This article is written by Tasneem Hussain Legal content writer at Lawyers Troop
Table of Contents
- 1950 AIR 124
- In The Supreme Court of India
- Bench: Fazal Ali, Saiyid, Kania, Hiralal J. (CJ), Sastri, M. Patanjali, Mahajan, Mehr Chand, Das, Sudhi Ranjan, Mukherjea, B.K.
- Decided On: 26 May 1950
A restriction through a law on freedom of speech and expression cannot be held within the ambit of Article 19(2) unless it aims to protect the state from activities that may undermine the security of the state or intend to overthrow the State.
Relevant Statutes and Sections/Articles
- Constitution of India, Article 13(1), Article 19(1), Article 19(2), Article 32, Article 226
- Constitution of India, Seventh Schedule
- Madras Maintenance of Public Order Act, 1949, Section 9(1-A)
Facts & Procedural History
The petition was filed by the printer, publisher and editor of ‘Cross Roads’, a weekly English language journal based in Bombay. The State of Madras had banned the entry, circulation, sale or distribution of the journal in the state under Section 9 (1-A) of the Madras Maintenance of Public Order Act, 1949. The journal was banned because the then Governor of Madras was of the opinion that it may affect public security and order.
The Petitioner had directly filed this petition in the Supreme Court upon which the Advocate-General of Madras questioned the procedure of the petition. He argued that the petitioner should have first filed in the High Court of Madras under Article 226. However, the Supreme Court was of the opinion that it had the jurisdiction to directly deal with this case under Article 32.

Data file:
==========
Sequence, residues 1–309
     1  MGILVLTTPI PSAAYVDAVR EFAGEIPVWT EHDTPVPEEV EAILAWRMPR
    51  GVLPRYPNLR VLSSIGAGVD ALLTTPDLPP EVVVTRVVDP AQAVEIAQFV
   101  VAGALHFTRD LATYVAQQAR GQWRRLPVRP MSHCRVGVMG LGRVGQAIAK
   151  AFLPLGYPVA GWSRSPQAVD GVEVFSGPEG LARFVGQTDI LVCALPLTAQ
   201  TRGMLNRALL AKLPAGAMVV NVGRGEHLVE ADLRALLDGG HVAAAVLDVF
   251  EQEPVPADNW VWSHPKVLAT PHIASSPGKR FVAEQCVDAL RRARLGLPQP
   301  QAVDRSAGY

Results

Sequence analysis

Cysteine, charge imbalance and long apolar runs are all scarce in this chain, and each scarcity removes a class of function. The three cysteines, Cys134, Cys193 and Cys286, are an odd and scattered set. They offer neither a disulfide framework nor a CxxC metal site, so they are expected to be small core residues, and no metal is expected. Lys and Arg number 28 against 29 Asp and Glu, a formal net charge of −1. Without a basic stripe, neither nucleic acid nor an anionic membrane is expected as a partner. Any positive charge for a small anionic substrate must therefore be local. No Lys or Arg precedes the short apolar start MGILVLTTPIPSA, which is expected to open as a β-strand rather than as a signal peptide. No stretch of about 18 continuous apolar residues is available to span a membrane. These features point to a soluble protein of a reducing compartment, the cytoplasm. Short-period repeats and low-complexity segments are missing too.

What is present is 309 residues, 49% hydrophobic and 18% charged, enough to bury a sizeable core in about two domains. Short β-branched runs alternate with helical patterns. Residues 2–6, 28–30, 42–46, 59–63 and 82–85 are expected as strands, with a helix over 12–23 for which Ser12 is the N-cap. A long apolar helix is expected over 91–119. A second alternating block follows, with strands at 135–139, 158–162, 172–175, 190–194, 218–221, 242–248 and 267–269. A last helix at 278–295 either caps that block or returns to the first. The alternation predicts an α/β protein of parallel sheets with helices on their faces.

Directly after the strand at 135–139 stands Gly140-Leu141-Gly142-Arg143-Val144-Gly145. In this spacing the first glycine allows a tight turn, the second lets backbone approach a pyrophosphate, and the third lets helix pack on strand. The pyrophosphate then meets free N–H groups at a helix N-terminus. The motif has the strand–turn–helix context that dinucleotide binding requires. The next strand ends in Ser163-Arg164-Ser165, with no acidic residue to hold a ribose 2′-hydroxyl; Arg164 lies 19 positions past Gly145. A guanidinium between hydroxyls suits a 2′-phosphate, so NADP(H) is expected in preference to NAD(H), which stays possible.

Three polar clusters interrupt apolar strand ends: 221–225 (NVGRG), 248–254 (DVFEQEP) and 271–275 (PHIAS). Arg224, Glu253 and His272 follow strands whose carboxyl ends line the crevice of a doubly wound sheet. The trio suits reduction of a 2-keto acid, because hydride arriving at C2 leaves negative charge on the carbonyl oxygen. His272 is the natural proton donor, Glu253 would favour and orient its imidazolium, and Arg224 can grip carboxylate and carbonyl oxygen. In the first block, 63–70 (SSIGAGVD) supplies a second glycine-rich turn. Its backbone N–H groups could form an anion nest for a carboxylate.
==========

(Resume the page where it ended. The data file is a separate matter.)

- Whether Section 9 (1-A) of the Madras Maintenance of Public Order Act, 1949 is in violation of Article 19(1)(a) of the Constitution of India.
- Whether Section 9 (1-A) of the said Act is within the ambit of reasonable restrictions as provisioned under Article 19(2)?
Ratio of the Supreme Court
- Patanjali Sastri, J. authored the judgement on behalf of Kania C.J., Mehr Chand Mahajan, Mukherjea and Das JJ. Fazal Ali, J. presented a separate judgement.
It was agreed by the Court that freedom of propagating ideas through circulation is within the ambit of Article 19(1)(a). The Court believed that liberty of publication without the liberty of circulation is of no essence.
Section 9(1-A) of the Madras Maintenance of Public Order Act, 1949 banned the entry, circulation, sale and distribution of the Journal ‘Cross Roads’. It can therefore be agreed that Section 9 (1-A) of the Act in question is ultravires of Article 19(1)(a).
- The next issue that the Court deliberated upon was whether the restriction imposed on the journal by Section 9(1-A) was within the scope of Article 19(2).
Section 9(1-A) referred to the terms “securing the public safety” and “the maintenance of public order” with different purposes. The respondents, placing reliance on Rex v. Wormwood Scrubbs Prison1, and urged that “public safety” meant the safety of the province which was within the ambit of Article 19(2) which includes the ground of “security of state” as a reasonable restriction. The Court, however, rejected their reliance due to distinct contexts.